That used to be Feilhaber, but for 2018 it will be Roger Espinoza and Ilie Sanchez, along with one of two new additions: Felipe Gutierrez or Yohan Croizet. Sanchez and Espinoza are both really talented and capable of driving this team’s engine, but they’re also not top-tier midfield creators—or at least they haven’t been to this point. If Vermes puts Croizet in the #10 spot, however, Felipe could take Espinoza’s spot and considerably upgrade SKC’s 8 position.
Gutierrez has been playing as holding mid for Real Betis and FC Twente in Holland. In four seasons with those teams, he has just 6 goals and 6 assists. Croizet comes to Kansas from Belgian Pro League side Mechelen. Mechelen sits in dead last in the table, and Croizet has zero goals, zero assists in 15 appearances. In 2016, he had 28 appearances, 3 goals, 2 assists. None of that is impressive—not the team, not the league, and not the player’s production.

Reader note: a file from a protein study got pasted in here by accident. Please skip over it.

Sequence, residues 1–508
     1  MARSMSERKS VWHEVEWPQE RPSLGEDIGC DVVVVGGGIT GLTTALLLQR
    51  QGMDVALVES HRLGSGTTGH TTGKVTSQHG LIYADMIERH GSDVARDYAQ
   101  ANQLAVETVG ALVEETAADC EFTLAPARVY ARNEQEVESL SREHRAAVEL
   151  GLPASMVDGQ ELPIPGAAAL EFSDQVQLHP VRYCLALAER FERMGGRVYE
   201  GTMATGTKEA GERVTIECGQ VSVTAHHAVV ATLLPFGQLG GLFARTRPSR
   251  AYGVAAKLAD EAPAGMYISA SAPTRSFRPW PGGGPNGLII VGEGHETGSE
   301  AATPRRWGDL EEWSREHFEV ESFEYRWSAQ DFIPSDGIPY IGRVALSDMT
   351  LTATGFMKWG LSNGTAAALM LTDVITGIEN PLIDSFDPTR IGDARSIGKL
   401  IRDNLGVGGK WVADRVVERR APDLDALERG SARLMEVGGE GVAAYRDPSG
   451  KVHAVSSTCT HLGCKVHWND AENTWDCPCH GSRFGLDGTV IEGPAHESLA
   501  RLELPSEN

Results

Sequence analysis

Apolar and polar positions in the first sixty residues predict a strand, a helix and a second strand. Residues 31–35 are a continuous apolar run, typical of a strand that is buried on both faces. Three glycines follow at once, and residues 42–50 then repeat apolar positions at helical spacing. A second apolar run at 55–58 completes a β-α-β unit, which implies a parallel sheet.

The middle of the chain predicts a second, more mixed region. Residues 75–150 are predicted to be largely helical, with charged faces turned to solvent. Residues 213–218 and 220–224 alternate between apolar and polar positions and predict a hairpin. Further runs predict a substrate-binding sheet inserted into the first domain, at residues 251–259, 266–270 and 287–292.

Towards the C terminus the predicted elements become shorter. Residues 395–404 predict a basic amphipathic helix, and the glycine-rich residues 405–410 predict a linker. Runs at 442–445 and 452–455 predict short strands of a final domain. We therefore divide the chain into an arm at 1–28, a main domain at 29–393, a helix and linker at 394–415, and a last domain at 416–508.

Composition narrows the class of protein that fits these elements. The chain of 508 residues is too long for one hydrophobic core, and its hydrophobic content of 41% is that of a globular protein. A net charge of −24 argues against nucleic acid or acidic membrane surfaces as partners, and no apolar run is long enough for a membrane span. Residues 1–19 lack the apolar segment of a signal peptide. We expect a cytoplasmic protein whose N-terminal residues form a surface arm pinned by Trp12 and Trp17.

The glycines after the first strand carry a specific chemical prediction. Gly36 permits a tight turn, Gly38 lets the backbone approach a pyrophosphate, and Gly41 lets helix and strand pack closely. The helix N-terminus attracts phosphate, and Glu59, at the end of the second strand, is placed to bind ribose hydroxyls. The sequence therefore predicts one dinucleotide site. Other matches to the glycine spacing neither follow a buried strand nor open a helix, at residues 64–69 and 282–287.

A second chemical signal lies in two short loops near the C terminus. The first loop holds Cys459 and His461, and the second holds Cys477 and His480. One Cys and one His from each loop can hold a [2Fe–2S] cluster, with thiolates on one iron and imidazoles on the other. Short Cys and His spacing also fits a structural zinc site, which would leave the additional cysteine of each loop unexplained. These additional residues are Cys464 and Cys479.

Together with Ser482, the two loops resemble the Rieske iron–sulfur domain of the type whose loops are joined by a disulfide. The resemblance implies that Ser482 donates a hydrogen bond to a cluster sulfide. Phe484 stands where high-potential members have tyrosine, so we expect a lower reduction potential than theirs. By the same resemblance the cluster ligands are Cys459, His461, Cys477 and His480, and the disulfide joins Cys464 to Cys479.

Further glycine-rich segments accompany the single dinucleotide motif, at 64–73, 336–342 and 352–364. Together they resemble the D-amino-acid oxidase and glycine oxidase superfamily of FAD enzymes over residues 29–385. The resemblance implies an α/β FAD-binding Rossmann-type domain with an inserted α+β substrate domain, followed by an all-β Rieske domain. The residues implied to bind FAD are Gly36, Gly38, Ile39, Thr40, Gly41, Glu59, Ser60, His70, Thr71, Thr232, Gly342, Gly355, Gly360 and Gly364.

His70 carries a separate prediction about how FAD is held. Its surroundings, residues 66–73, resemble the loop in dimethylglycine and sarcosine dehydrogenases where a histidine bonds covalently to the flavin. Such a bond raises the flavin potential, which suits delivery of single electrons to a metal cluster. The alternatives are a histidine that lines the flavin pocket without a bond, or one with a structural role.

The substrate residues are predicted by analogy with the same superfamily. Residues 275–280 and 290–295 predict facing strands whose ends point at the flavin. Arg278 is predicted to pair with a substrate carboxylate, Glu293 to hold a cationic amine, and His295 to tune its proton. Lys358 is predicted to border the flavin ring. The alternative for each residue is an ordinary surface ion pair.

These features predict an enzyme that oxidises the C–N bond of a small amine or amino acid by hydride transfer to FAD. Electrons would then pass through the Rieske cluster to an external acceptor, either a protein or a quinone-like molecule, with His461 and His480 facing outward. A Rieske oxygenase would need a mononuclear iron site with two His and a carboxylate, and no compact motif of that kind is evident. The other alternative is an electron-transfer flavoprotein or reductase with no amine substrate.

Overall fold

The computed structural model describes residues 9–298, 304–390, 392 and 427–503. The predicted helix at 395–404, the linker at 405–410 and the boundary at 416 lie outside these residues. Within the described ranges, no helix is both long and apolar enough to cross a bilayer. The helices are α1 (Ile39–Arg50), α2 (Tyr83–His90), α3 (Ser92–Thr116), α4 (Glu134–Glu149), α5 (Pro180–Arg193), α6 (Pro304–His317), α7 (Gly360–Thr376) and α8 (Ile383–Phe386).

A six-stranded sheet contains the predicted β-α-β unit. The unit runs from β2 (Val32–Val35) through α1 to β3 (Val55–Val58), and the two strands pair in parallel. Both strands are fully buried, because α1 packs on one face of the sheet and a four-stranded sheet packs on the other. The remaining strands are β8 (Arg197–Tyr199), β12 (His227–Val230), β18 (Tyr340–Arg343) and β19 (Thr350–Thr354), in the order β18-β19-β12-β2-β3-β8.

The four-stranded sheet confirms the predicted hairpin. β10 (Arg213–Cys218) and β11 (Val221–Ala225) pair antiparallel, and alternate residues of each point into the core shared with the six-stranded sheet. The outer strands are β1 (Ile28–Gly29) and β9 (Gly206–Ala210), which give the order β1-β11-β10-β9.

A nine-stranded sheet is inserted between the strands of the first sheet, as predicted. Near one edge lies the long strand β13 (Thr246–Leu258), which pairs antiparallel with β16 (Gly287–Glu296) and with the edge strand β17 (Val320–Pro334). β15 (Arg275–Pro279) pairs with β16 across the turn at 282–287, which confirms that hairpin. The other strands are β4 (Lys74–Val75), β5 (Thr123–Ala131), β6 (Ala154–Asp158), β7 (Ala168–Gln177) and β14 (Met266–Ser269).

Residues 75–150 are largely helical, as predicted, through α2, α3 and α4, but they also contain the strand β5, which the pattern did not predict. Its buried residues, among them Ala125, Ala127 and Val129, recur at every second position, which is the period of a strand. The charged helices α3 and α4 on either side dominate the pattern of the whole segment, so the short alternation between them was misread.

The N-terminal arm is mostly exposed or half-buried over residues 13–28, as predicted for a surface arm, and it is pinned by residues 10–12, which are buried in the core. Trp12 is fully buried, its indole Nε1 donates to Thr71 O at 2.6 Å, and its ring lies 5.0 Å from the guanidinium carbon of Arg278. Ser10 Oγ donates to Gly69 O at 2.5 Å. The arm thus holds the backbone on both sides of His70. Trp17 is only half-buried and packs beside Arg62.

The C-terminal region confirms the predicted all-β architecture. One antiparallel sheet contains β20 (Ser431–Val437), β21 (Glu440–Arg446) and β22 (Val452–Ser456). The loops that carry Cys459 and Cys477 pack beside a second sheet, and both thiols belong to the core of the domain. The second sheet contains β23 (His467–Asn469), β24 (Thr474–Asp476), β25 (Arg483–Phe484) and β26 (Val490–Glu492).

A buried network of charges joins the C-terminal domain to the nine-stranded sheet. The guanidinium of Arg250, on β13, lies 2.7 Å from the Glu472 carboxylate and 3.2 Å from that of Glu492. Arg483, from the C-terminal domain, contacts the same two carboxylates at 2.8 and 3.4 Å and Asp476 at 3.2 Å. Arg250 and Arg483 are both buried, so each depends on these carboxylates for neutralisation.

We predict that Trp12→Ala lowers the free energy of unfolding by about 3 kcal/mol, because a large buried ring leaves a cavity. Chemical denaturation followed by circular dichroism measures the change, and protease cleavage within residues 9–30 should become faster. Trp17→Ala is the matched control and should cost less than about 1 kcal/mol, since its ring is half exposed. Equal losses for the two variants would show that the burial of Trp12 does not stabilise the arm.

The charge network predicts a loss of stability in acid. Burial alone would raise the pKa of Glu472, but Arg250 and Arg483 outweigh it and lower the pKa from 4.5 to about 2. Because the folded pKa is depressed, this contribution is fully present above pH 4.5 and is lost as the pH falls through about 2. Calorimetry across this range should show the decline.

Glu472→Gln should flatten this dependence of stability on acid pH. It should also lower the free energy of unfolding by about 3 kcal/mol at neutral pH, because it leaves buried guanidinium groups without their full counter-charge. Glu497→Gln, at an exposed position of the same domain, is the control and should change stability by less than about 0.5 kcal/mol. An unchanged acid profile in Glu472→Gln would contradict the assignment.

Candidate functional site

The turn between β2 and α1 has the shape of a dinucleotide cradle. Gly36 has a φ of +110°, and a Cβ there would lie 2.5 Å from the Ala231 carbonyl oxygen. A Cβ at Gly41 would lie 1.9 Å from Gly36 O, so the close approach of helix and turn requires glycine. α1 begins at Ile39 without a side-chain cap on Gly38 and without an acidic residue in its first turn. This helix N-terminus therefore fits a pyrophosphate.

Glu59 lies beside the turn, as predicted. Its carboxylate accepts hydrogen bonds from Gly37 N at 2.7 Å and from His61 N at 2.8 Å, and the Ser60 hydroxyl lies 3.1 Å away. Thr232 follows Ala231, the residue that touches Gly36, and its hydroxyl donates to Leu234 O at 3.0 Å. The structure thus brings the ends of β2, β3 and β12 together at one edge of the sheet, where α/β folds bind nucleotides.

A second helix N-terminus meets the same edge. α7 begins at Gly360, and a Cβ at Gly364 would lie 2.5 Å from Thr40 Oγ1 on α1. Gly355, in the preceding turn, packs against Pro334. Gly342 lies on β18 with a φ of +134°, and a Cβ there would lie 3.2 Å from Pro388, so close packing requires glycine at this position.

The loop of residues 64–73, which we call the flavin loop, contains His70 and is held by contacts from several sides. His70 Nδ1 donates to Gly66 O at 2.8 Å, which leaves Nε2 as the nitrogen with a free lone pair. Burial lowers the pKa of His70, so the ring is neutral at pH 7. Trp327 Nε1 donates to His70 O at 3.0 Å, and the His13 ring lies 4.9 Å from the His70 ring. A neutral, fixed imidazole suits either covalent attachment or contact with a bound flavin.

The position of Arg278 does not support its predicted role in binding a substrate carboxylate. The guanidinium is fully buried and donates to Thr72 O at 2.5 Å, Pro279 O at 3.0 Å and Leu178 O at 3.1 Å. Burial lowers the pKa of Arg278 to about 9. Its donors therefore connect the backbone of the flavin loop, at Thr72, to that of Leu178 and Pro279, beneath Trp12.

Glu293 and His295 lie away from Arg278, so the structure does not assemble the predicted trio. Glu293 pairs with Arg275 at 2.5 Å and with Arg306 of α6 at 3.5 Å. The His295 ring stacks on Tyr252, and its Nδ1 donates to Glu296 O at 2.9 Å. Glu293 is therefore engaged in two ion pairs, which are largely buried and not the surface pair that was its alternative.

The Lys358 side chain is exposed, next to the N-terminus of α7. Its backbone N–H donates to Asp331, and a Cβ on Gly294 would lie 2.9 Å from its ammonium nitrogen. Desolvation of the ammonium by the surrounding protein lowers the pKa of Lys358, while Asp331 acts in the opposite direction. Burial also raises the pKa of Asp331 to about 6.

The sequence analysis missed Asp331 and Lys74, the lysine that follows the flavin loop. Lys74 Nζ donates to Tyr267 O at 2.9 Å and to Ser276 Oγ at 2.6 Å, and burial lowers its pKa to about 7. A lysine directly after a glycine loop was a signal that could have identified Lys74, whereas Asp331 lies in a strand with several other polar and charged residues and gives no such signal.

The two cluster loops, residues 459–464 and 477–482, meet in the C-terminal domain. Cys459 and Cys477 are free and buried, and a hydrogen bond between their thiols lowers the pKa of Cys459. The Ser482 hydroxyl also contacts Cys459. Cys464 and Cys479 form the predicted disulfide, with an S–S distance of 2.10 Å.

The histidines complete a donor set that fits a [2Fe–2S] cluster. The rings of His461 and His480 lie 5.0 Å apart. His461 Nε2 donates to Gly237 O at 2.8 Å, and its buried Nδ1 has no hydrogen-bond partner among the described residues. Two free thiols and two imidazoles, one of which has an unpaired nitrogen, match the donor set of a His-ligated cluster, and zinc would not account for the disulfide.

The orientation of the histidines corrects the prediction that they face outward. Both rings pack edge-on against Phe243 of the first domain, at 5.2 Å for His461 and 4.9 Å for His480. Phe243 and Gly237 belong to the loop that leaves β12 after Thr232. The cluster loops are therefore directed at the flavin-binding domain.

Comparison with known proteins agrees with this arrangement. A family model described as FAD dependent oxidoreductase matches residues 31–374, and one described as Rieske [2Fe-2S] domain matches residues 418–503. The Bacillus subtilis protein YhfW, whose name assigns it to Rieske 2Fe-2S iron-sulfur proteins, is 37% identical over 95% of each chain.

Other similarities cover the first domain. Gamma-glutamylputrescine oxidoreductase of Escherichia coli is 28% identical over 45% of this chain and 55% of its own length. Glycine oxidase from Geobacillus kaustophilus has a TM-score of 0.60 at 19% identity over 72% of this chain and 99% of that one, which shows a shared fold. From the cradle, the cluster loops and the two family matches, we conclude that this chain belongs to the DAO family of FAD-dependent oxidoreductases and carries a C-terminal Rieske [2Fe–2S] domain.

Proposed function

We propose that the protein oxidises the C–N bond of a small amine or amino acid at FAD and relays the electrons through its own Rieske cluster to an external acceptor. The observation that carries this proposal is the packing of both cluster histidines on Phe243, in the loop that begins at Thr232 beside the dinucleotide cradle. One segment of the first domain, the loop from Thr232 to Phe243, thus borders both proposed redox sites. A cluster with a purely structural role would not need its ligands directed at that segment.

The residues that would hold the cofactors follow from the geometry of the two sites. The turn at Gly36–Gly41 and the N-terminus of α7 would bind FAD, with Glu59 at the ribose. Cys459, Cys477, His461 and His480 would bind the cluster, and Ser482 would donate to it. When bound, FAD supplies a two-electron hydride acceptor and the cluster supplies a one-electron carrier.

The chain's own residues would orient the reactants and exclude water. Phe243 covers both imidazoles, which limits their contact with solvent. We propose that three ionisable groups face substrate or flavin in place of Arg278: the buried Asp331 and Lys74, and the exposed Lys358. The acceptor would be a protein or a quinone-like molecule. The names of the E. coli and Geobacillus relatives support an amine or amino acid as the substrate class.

The defense, however, will work. You’ve got 2017 MLS Defender of the Year Ike Opara partnered with USMNT centerback Matt Besler. Your fullbacks are Jimmy Medranda and Graham Zusi. 2017 MLS Goalkeeper of the Year Tim Melia minds the posts. If you can get the ball back from Sporting at all, getting into a position to do something against them in the final third is damned near impossible.
All that said I think SKC finishes... 4th. Just a smidge better. But 5th is totally possible too. They will improve in some ways and regress in some ways and in the end it’ll leave them in the same spot once again. It might be boring, but it gets you to the games in November.
Predicted finish in Western Conference: 4th
2017 Record: 15-12-7, 52 points, 3rd in WC
Goals For: 50, 3rd in the WC
Goals Against: 49, 5th in the WC
Three key additions
Kei Kamara, Brian Rowe, Efráin Juárez
Three key subtractions
Fredy Montero, David Ousted, Matias Laba
When the Colorado Rapids regressed in 2017, it was to be expected. Sure, the defense was spectacular in 2016, but also, the Rapids won a lot of games by one goal and a lot of games in the final 15 minutes. Also, their goal differential of +7 didn’t indicate that a 2nd place finish was warranted.
Vancouver was the opposite. They finished 8th in 2016 with a fairly ho-hum season and a -7 goal differential. That set up an improbable rebound in 2017. Sparked by some new acquisitions like Tony Tchani, Brek Shea, and Fredy Montero, the Whitecaps were better. More importantly, they won their close games more often than they lost, going 10-7 in games decided by only one goal.